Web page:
The second wave of COVID-19 has once again pushed the Indian automotive sector into a state of turmoil. Due to the various region-wise lockdowns, automobile dealers temporarily shut their showrooms, as a part of the non-essential services category which in turn has been affecting sales.
As per Federation of Automobile Dealers Associations of India (FADA) data, sales made by dealers or automobile registrations contracted by nearly one-third on a month-on-month basis, while Y-o-Y comparison was irrelevant as April 2020 witnessed nil sales due to nation-wide lockdown. Such contractions in sales have put brakes on the automotive sector’s recovery.
In a recent note, CARE Rating said the automobile sales in April 2021 are reflective of the various disruptions caused due to the pandemic. The factory dispatches of two-wheelers, three-wheelers, passenger vehicles, medium and heavy commercial vehicles, and light commercial vehicles declined by 10-58 percent sequentially.
Going ahead, it sees further sluggishness as the closure of dealer showrooms shall lower the retail sales of this industry.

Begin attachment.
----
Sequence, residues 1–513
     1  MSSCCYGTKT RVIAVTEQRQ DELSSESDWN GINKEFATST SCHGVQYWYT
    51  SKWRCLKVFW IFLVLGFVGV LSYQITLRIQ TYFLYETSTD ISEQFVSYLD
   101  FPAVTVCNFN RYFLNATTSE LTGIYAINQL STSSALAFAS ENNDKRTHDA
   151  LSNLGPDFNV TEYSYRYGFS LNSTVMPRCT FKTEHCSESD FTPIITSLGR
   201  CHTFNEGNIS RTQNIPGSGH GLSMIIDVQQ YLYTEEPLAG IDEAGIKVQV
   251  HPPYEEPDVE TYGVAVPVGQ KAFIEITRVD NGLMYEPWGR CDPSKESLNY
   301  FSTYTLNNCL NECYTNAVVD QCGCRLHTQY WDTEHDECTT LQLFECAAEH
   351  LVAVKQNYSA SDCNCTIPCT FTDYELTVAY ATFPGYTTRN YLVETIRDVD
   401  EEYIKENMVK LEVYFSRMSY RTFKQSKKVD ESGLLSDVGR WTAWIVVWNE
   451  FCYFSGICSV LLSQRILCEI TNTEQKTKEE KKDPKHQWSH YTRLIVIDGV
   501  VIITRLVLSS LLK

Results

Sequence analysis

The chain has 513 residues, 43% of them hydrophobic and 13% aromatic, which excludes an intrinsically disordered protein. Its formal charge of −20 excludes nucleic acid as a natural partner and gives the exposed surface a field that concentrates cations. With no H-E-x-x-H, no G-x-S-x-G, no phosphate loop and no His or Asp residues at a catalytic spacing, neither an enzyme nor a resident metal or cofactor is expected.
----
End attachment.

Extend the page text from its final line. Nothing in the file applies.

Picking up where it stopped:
Additionally, the ongoing rally in metal prices could lead to another round of price hikes of vehicles, which could either be of second or third price hikes in the past few months of 2021, it noted.
Another dampener is the rise in fuel prices which shall not only impact consumer sentiments but also make logistics and supply chain expensive for the automobile OEMs.
"To make things worse, this year the infected cases have spiked even
in smaller towns, which could potentially unrest the two-wheeler and tractor demand in rural India. H2-FY22 demand would also be dependent on the timely start and withdrawal of monsoons. The prolonging semi-conductor shortage for over 6 months now, will continue to decelerate production levels. Alongside, the consumer demand will be affected as buying power has weakened and looming fears of job losses continue," explained the rating agency.
It concluded that the automotive sector in FY22 would be stable or just marginally better than FY21. The first quarter would certainly be despairing, but not as bad as Q1-FY21.
Moving forward, the recovery in domestic wholesales can be expected from Q2-FY22 onwards, contingent on a faster vaccination drive and no new waves of COVID-19 in the country.
The capex and new product launches by automobile OEMs are expected to be deferred until the sector witnesses some degree of normalcy, which may not be before September 2021, it added.